Mourning the loss of courageous Calamity
Much-loved Coffs Harbour dolphin, Calamity, has passed away.
She was estimated to be 40-years-old.
Calamity passed away on Tuesday morning, June 2, and was Dolphin Marine Conservation Park's (DMCP) oldest cetacean and long-time partner of Bucky. He passed away 10 months earlier, aged 50.
A rescue dolphin, Calamity was saved twice from fishing line entanglement. The second time she was badly injured with 15 metres of discarded line wrapped around her tail fluke.
It was believed that she was around 8 to 10 years old at the time.
Given her history and the extent of her injuries, Calamity was deemed unreleasable and remained under care at her new home in DMCP.
Calamity died during a procedure to treat a suspected cancerous carcinoma in her mouth. Sadly she did not survive the operation. A necropsy revealed the cancerous growths had spread to her lungs and lymph nodes.
"Advanced cancer, along with her age, meant that Calamity was unable to fight both the disease and the stresses of the operation," in-house veterinarian, Dr Duan March, said.
Remarkably, Calamity surpassed the average 30-year life span of dolphins in the wild. As a rescue dolphin, she was an adored ambassador for conservation. She twice survived a human hazard that takes the lives of hundreds of marine mammals every year.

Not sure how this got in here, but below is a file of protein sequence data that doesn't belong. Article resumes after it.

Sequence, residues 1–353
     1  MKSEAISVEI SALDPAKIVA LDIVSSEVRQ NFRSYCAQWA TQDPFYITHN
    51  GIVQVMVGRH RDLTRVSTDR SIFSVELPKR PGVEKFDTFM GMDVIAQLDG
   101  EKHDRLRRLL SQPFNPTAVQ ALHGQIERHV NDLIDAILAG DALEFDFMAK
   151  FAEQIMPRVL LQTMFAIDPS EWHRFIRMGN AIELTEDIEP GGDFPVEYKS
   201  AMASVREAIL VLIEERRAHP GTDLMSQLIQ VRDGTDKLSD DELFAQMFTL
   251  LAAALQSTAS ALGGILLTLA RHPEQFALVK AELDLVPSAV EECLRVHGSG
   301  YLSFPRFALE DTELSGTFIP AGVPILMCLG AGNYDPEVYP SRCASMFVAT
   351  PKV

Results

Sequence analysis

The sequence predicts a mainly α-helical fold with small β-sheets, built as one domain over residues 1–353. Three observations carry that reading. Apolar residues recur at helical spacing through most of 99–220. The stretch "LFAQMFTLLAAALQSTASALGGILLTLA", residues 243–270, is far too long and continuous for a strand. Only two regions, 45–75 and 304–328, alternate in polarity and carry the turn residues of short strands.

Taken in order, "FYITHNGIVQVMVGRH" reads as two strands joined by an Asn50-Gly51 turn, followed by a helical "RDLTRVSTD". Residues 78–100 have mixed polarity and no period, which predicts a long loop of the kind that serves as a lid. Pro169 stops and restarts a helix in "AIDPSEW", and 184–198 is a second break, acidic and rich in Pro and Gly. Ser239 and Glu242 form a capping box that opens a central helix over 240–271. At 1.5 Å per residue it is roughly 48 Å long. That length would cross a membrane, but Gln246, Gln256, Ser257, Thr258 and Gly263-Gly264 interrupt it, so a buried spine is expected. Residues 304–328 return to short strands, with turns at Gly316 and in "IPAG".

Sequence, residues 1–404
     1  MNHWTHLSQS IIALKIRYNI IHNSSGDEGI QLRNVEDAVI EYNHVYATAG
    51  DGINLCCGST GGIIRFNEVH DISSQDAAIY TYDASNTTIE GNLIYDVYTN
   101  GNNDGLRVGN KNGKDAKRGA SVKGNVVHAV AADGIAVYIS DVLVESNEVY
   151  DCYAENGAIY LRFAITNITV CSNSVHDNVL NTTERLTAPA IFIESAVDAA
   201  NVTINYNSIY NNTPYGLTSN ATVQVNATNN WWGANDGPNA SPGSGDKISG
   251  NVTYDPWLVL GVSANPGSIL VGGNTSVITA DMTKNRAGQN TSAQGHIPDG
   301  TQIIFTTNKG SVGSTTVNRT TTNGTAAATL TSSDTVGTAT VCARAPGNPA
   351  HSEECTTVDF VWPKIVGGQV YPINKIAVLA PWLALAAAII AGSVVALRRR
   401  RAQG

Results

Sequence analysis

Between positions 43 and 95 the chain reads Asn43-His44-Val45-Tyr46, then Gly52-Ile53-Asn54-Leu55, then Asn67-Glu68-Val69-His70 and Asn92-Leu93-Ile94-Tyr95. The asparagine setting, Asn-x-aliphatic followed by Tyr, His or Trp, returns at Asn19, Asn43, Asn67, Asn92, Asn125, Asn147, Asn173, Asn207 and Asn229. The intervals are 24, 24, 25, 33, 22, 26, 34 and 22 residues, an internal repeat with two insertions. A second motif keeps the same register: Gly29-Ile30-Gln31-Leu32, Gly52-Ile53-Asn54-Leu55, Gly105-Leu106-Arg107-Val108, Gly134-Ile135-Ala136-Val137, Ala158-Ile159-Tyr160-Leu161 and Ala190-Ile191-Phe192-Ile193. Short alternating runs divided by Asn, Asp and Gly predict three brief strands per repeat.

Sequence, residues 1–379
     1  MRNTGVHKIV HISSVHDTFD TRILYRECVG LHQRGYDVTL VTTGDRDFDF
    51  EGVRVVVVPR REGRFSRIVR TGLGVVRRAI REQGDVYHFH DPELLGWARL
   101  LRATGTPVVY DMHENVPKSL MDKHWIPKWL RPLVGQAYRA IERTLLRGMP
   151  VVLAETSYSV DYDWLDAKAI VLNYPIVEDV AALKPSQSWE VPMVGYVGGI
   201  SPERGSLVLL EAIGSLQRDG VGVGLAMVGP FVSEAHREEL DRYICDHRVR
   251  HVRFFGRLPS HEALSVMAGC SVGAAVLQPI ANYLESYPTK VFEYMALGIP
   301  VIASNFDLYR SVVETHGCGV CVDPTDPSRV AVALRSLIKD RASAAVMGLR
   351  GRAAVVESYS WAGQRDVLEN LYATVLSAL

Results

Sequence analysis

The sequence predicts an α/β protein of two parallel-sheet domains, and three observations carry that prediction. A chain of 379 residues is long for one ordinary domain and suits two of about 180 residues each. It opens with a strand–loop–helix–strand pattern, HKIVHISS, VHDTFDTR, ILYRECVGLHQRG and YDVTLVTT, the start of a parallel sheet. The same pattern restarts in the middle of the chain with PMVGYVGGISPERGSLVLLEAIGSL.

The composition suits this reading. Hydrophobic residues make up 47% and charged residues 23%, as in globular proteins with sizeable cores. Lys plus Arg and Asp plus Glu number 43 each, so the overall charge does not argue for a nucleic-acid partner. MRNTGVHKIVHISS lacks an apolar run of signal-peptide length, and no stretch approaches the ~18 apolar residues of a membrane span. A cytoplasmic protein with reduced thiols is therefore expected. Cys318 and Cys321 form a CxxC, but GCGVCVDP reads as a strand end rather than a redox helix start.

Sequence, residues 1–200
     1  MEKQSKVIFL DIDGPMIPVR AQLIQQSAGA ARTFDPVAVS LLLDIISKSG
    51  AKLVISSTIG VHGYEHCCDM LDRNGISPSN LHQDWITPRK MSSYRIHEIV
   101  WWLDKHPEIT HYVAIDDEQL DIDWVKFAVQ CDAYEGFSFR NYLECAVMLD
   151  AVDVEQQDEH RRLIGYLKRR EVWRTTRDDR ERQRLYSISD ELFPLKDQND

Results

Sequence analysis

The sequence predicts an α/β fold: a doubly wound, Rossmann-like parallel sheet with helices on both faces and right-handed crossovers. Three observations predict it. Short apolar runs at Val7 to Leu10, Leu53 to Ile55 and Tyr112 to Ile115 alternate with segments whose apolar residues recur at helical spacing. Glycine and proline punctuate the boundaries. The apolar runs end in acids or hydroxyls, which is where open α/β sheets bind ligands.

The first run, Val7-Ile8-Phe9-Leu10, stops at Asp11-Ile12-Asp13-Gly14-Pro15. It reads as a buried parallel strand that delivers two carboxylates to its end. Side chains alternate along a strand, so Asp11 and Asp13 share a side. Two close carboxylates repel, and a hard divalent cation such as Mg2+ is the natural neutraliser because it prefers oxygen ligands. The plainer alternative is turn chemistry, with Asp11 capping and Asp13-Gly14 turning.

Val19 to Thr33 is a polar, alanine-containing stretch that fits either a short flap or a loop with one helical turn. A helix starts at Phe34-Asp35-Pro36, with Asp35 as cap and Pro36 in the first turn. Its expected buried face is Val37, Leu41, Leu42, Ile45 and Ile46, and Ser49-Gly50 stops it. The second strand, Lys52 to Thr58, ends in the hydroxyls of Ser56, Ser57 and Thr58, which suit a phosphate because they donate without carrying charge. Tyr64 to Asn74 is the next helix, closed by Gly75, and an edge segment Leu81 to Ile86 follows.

Even at her advanced age Calamity still participated in the education programs spreading her inspirational story.
Discarded fishing line is a preventable killer and DMCP partners with Melbourne Zoo in the 'Seal the Loop' program to raise awareness and reduce dangerous waste materials in the ocean.
"Calamity will be greatly missed by everyone at DMCP, especially her trainers. Everyone involved with her enjoyed an extraordinary connection with this truly amazing animal," Managing Director, Terry Goodall said.
"DMCP continues its unwavering dedication to the care and wellbeing of all the animals at the park during this difficult time including the rest of Calamity's pod comprising Zippy, Bella and Jet."